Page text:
With the coronavirus putting the world and sports events on hold, TV executives have been scrambling for some uplifting programming.
Enter the NBC Sports Network, which has been showing lots of replays of classic games, and the Flyers-Bruins 1974 Stanley Cup clincher — which was shown Tuesday — certainly filled the bill for those needing a break from pandemic updates.
As a teenager, I attended that game nearly 46 years ago. Paid a scalper a then-outrageous price ($40 for a ticket whose face value was $8.25) for a second-level seat at the venerable Spectrum. Felt the tension multiply with each shift as the Flyers outlasted the mighty Bruins, 1-0, and triggered a parade that included two million of Bernie Parent’s closest friends.
“Not bad, eh?” the good-natured Parent said last week. “Let me tell you something. We had a parade when we first started in ‘67 to introduce the team to the fans because hockey was new here. We had more players in the parade than there were people who watched it.”
Parent, 75, chuckled. He seems to end every sentence that way. As he did Tuesday while being interviewed by NBCSN before and after the game, and during intermissions, explaining what was going through his mind during that afternoon of May 19, 1974.
“A lot of beautiful moments that year,” he said.
Cheering in anticipation
The crowd that day was on its feet, cheering wildly before the game started. The anticipation of a championship echoed around the Spectrum.
“When you have a fantastic crowd like this — loud, supportive, the whole bit — it elevates you to a different level,” Parent said. “That was a big, big part of us winning the championship.”
I had seen highlights of the famous ‘74 Cup clincher through the years but had never watched the entire game’s replay until Tuesday, and it was interesting to see things I didn’t remember from being there.
Like lower-line forwards Bill Clement and Terry Crisp playing lots of dominating shifts for the Flyers.
Like Boston’s Bobby Orr, arguably the greatest player ever, looking frustrated and never being a factor in the game.
Like smooth-skating Rick MacLeish, usually the Flyers’ No. 2 center, spending lots of time as relentless captain Bobby Clarke’s left winger.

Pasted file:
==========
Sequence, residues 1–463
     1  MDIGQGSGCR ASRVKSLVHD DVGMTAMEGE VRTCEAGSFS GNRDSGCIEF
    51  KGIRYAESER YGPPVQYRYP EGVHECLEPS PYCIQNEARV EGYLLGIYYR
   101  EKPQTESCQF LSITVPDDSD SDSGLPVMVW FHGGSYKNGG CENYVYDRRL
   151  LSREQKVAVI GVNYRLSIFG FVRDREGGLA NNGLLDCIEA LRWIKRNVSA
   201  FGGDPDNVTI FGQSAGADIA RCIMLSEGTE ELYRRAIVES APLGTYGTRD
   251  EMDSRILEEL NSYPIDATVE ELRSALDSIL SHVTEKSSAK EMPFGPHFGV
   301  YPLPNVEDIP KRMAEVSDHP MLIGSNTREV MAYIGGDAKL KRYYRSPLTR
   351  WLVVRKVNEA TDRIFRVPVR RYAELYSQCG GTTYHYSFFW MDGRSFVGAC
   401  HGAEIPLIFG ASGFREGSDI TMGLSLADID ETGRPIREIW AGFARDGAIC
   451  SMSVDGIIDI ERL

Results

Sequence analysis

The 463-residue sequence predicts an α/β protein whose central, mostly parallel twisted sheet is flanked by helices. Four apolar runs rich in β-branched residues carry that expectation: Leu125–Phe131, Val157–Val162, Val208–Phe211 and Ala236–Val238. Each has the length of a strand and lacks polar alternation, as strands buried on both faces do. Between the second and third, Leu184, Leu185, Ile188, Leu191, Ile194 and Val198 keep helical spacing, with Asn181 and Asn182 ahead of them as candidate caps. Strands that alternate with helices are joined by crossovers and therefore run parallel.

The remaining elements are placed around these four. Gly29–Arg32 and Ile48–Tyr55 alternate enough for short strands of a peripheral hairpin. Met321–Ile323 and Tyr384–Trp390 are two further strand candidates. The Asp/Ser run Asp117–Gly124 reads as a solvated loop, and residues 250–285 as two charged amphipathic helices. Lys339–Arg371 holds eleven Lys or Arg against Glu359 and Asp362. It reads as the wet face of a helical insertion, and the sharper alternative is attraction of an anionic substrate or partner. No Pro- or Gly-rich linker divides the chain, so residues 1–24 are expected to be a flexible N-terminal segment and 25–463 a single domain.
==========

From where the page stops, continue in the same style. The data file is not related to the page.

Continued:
Like seldom-used winger Bruce Cowick drawing a penalty and providing some solid fourth-line minutes.
Like the Bruins dominating the first period until MacLeish changed the momentum with a power-play goal late in the first period.
I remembered Parent being dominant, remembered his great late-game save on Ken Hodge — the Hall of Fame goalie said it wasn’t him but his late mother watching from above who made the stop for him — but had forgotten how sensationally Bruins goalie Gilles Gilbert had played in defeat.
Parent held up his Stanley Cup ring Tuesday to show it to viewers.
“What’s nice about a ring like this: People like Bill Gates, who’s worth $100 billion, can’t buy it. You have to earn it,” he said proudly. “That’s how powerful winning a championship is.”
I remembered the chaos on the ice after the final seconds disappeared, but I didn’t realize so many Flyers appeared frustrated by the fans’ climbing over the low glass and emptying onto the ice to join the celebration. (By the way, Boston was called for icing with four seconds left, but the Flyers and fans started celebrating and the officials just waved off the last four ticks.)
One shaggy-haired fan, champagne bottle in hand, even joined the handshake line and exchanged good wishes with the Bruins. It was a totally Philly thing, like the incident in 2001, when a man from Delaware County, Chris Falcone, fell into the penalty box after the glass broke and took a swing at Toronto’s Tie Domi, who had been squirting water at Flyers fans because he said they threw things at him. Falcone and Domi then fought in the penalty box.
A smiling Parent, interviewed from his home as he watched the Cup-winning replay, graciously saluted the fans and talked about them being so overcome with unbridled joy that they climbed onto the ice after the Game 6 clincher.
“What a beautiful thing,," he said.
A scowling Dave Schultz, however, was seen pushing fans out of the way as Parent and Clarke tried to skate through the humanity and carry the Cup around the ice with their teammates behind them.
You can’t blame Schultz. This was supposed to be their moment, but at least the Flyers got to do it again the next year, without impediment, as they skated around the ice in Buffalo with the 1975 Cup.
The 1974 clincher was — and still is — the greatest win in the Flyers’ history. In just their seventh year of existence, they had stunned the hockey world and defeated Orr and the favored Bruins — a team that had the league’s top four scorers during the regular season — and won the Cup.
The New York Jets and Joe Namath are given credit for causing the AFL’s merger with the NFL, thanks to their shocking 16-7 win over heavy-favorite Baltimore in Super Bowl III in 1969.
Though the Flyers’ upset of the Bruins was not of the same magnitude, it was a victory that legitimized the six expansion teams that joined the NHL in 1967-68. No longer was it such a big deal to beat an Original Six team.
Fast-forward to 2020. If the NHL season resumes — it was suspended March 12 because of the coronavirus outbreak — the Flyers will be among the many teams with a legitimate chance to win the Cup. Like in 1974, the road to the championship will probably go through Boston (or perhaps Tampa Bay) before the East winner faces the West champ in the Stanley Cup Final.
Sadly (but understandably), spectators aren’t expected to be permitted in arenas because of the potential to spread the coronavirus, so no fan with a bottle of champagne figures to be in the handshake line — even if captain Claude Giroux and his teammates end up with the Cup.